Enumerating Migration in Nepal

Type Working Paper - Centre for the Study of Labour and Mobility
Title Enumerating Migration in Nepal
Publication (Day/Month/Year) 2011
URL http://www.ceslam.org/docs/publicationManagement/Survey_Migration_History_Nepal.pdf
This working paper provides an overview of quantitative surveys on migration in Nepal,
including various national censuses, with a specific focus on their methodologies. It
aims to document the evolution and key characteristics of migration surveys, and
proposes to answer the following questions: How have such studies evolved in Nepal?
What kind of quantitative data is available on migration? What aspects or forms of
migration have been studied? And, what specific methodologies have been used?
Our literature search produced 49 quantitative researches conducted in Nepal so
To the extent possible, this list is comprehensive but we may have missed out
some relevant surveys. If that is the case, we would like to invite readers to inform us
of relevant published or unpublished studies that have not been included here. Our
ultimate aim is to create a central resource bank on migration surveys for the benefit
of researchers, students, journalists and others interested in the subject.
At a general level, the national census and most surveys have collected data on the
demographic and socio-economic characteristics of migrants and their households,
the reasons for migration, land-holding patterns, and remittance transfers. The
existing data have offered explanations on patterns, causes and consequences of
Our review shows that these surveys and censuses contain an implicit assumption
that migration is an economic endeavour and most migrants are poor, the corollary
of which is that people migrate because of poverty. Further, the trend has been for
internal migration to be of prime concern of the few migration surveys conducted until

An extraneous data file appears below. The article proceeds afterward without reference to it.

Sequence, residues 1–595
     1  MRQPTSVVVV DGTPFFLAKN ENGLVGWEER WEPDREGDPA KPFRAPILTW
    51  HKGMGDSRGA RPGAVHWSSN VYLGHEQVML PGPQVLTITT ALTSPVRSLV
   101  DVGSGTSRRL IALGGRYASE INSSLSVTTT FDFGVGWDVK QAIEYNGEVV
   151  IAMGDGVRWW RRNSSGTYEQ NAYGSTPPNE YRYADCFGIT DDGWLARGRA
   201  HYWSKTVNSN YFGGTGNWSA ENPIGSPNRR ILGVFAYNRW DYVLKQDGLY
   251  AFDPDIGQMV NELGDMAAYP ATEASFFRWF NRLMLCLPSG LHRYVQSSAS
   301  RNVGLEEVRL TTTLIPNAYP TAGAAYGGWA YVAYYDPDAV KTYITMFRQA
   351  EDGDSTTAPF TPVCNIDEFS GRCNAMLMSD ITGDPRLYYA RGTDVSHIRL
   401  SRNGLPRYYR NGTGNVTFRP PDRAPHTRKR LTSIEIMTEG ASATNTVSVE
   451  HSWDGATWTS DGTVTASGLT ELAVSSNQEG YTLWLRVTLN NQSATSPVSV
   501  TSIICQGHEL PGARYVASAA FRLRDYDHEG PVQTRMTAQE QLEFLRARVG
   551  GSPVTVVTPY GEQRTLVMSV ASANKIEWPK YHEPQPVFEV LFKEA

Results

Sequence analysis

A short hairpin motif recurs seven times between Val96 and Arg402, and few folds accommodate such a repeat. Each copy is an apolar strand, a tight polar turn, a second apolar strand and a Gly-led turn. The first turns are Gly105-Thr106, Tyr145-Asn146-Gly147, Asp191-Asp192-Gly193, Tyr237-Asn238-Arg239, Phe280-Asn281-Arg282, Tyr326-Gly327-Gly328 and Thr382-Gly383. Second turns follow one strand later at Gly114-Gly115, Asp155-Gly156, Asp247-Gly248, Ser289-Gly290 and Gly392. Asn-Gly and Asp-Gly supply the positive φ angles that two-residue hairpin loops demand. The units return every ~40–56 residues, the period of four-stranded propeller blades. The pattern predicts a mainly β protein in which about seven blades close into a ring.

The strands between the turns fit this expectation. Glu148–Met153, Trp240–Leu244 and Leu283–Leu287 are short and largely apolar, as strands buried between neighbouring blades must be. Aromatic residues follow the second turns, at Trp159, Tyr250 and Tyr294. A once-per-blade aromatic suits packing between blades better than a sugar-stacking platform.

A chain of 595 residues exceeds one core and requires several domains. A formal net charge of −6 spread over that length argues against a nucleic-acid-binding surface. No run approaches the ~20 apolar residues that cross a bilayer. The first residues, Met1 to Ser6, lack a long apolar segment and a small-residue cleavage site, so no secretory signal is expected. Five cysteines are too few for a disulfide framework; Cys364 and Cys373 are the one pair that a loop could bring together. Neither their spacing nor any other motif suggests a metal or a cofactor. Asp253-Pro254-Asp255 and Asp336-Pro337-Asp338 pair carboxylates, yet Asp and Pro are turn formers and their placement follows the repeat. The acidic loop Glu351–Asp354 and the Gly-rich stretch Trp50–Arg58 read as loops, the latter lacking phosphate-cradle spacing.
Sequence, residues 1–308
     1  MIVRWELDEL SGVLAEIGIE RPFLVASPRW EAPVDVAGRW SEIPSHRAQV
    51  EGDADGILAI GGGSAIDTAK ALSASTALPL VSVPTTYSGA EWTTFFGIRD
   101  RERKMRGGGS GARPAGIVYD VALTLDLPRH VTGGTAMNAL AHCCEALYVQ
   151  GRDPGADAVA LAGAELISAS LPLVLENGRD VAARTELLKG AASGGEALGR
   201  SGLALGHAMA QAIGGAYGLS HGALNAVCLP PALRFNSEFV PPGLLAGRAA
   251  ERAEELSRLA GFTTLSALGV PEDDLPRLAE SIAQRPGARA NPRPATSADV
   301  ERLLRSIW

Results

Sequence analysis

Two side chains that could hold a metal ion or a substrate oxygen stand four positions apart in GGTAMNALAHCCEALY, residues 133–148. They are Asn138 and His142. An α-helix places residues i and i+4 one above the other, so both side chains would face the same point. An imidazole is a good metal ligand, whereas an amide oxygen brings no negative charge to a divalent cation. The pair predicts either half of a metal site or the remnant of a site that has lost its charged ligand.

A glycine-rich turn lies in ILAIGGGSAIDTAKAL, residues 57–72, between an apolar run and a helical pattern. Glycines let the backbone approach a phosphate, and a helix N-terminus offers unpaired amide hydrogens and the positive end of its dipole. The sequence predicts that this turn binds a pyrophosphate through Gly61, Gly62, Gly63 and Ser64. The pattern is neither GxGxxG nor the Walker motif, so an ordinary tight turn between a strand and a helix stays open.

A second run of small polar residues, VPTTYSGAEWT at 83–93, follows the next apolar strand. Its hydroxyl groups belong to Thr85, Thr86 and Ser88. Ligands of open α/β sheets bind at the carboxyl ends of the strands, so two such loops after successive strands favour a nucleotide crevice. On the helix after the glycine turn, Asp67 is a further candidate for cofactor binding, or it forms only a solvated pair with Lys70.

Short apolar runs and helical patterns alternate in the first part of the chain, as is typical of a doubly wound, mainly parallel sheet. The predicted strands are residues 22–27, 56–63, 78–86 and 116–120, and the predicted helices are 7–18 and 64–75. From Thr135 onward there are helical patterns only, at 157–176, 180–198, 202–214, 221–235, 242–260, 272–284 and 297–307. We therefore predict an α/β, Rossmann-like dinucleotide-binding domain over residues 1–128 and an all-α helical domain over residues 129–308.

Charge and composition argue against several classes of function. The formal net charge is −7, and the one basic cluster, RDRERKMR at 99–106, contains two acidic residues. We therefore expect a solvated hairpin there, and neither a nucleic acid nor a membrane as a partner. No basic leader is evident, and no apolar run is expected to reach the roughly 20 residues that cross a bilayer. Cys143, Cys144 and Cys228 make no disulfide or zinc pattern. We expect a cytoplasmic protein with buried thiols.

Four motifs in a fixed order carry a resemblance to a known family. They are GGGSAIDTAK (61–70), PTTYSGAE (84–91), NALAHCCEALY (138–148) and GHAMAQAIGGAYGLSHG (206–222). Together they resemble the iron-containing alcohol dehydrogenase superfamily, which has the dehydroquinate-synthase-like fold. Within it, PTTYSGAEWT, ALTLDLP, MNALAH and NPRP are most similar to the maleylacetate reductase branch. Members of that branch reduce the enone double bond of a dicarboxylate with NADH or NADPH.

the early 1990s while a gradual shift towards studying international migration became
evident after the mid-1990s. This change in focus reflects the overall trend of migration
in Nepal.
The first wave of migration began in the late 18th and early 19th centuries when
state policies and agrarian changes forced hill peasants to move out of their land and
seek livelihoods elsewhere, both within Nepal and across the border into India. The
second wave started in the mid-1980s, accelerated in the 1990s, and dramatically
increased in the mid-2000s, when Nepalis not only continued to migrate to work
in India but also began to seek out new destinations, mainly the Gulf states and
Malaysia. The opening up of newer markets for Nepali labourers in these destinations and the decentralisation of passport issuance after 1990 contributed to this new wave
of migration, and has since become a very important part of Nepal’s economy as well
as society.
Although most of the quantitative surveys on migration are small scale, there are a
number of larger surveys, even apart from the national census, that offer quantitative
data on migration at the level of generalisation. Institutions and organisations,
primarily, the Central Bureau of Statistics (CBS), Central Department of Population
Studies (CDPS) at Tribhuvan University, International Labour Organisation (ILO),
the World Bank (WB), National Institute of Development Studies (NIDS), United
States Agency for International Development (USAID), and United Nations
Population Fund (UNFPA), have been active in conducting or supporting surveys
that collect data on migration.
This paper begins with a brief discussion on how the quantitative study of migration
evolved in Nepal. It then outlines the categories of migration identified, based on
their patterns, forms and nature. The section that follows looks at the methodologies
used in the major surveys, with a particular focus on sampling method, sample size,
study area, unit of analysis and major variables. Also included is a detailed analysis of
the national censuses based on the questions that were asked. The paper concludes
with general observations on the surveys and censuses and highlights issues that
require further examination.

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